Then Jesus said, "Father, forgive them, for they do not what they do." And they divided His garments and cast lots. -Luke 23:27
Then he knelt down and cried out with a loud voice, "Lord, do not charge them with this sin." And when he had said this, he fell asleep. -Acts 7:60
We have an issue with grace in the Church in America. It seems that many would rather err on the side of the law of the Old Covenant than on the side of being radical in the grace of the New Covenant. Michael Brown, who I'm not extremely familiar with, wrote an article confronting what he calls "hyper-grace." It is a good article. It speaks the truth. We definitely need to keep in mind that our God is holy and that he has a very firm stance on sin, as I hope this blog has made clear throughout it's posts.
That said, as I wrote in an earlier post, so many in the Church in America are afraid that in using New Covenant means to confront sin they will be condoning sin. We tend to miss the balance. And, without a doubt, following the standard set by the law of the Old Covenant would be much, much easier in how we deal with the sin of others. There was a story I saw recently that defines this problem fairly well. The owner of a bakery in Oregon refuses to provide a cake for a same-sex wedding, citing that he would be in conflict with his religious beliefs if he did so. I think many Christians today would act in much the same way. It's ingrained in us that we have to "take a stand" against sin. We can't condemn, but neither can we condone. But would the owner of that bakery be condoning the sin of homosexuality by baking a cake for a same-sex marriage?
Let's look at ourselves and how God relates with us.
If we say we have no sin, we deceive ourselves, and the truth is not in us. -1 John 1:8
John isn't speaking of the world; he's speaking to the Church. We're works in progress. It is only through God's grace that we are offered redemption and salvation. That said, there is still sin in us. We're not perfect.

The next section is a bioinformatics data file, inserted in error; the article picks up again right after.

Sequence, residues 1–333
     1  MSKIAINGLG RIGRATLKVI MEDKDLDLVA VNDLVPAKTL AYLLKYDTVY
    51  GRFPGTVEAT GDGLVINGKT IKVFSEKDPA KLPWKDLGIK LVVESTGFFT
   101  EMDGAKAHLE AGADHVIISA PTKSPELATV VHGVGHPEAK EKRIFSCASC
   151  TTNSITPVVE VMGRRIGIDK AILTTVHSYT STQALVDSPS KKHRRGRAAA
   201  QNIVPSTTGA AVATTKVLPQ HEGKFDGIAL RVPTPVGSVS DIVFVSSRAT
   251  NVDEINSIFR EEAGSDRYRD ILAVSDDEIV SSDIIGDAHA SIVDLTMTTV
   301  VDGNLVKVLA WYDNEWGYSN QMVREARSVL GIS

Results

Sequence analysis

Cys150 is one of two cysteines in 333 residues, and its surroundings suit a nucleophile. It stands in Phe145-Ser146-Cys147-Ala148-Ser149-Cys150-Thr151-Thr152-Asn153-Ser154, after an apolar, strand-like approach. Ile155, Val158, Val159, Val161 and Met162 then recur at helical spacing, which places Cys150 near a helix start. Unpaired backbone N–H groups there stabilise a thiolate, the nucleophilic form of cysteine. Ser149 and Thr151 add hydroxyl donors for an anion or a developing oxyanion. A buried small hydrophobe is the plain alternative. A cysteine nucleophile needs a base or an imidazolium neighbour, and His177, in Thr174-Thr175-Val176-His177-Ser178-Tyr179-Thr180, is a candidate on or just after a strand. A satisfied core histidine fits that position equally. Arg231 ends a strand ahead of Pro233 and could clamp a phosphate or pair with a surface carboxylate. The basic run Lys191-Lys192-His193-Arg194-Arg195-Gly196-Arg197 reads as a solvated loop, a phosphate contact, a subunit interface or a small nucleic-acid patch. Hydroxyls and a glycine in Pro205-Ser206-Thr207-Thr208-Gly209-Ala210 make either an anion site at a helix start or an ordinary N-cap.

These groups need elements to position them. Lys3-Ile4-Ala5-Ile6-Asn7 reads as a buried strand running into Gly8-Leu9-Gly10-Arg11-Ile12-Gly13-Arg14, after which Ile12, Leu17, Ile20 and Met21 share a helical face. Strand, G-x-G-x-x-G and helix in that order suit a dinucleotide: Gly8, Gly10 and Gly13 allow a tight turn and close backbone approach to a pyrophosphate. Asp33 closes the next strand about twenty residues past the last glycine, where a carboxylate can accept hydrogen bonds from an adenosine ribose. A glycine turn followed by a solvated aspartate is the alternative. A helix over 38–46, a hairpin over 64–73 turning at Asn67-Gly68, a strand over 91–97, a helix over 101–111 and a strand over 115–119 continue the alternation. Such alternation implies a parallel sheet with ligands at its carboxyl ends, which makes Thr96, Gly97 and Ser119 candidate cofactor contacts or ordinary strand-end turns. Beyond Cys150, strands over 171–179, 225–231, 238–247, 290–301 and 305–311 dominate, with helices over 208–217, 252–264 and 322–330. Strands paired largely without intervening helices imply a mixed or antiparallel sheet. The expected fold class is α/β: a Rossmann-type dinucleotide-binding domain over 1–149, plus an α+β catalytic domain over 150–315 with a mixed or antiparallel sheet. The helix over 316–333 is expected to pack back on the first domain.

James makes a pretty sweeping statement about gifts.
Every good and every perfect gift is from above, and comes down from the Father of lights, with whom there is no variation or shadow of turning. -James 1:17
Every blessing we receive is God-breathed. This verse even implies that the blessings for the unredeemed sinners are God-breathed as well. Is God condoning our sin by blessing us even though we sin? Is God saying he's "cool" with our sin because he blesses us even though we have sin? That is certainly blasphemy! So how can we claim that blessing another who has sin is consonant with condoning that sin? It's nonsense! We need to remove ourselves from that Old Covenant frame of mind. We're under a New Covenant! Our nation's biblical founding was steeped in Old Covenant theology as I've touched on here and here. Our reliance on that aspect of biblical thinking has trapped us in an Old Covenant mindset.
It is interesting that when those in the world act like jerks to the Church, we cry "persecution" despite our fairly disconnected concept of what persecution really is. The sad part is that we in the Church treat those in the world the same way. We act like self-righteous jerks. It's inevitable that we're going to make mistakes. It's inevitable that we're going to trample all over our Christ at times. But we need to take a look at ourselves honestly. When we make mistakes that ultimately serve no purpose but as a mockery of our Lord, we need to repent. We need to allow ourselves to be humbled. We need to let God change us into Christ's likeness.
So, regarding condoning sin, what would Jesus do?--as the old phrase goes. It's a silly question to ask when we can just as easily ask, "What did Jesus do?" and even better yet, "What does Jesus do?" He blessed and still blesses even though we have sin.
He who says he abides in Him ought himself also to walk just as He walked. -1 John 2:6
We need to do our best to act as Jesus did and still does. We have no right to refuse the light to those who are lost just because we disagree with what they do. Jesus was accused by the religious leaders of his day for befriending sinners. Surely, they were concerned that he was condoning sin. What side are we on? Are we on the side of Christ or on the side of religion? The purpose of the light is to quench the darkness. If we're not willing to shine the light, how will the darkness be quenched? To take a stand is to let the light shine.
The grace that Jesus and Stephen showed their killers is amazing. We need that grace to flow through us in America. While we're not being martyred here, the darkness is powerful and subtle. The world needs the light. Our lack of grace stifles the light. Let's let the light shine!
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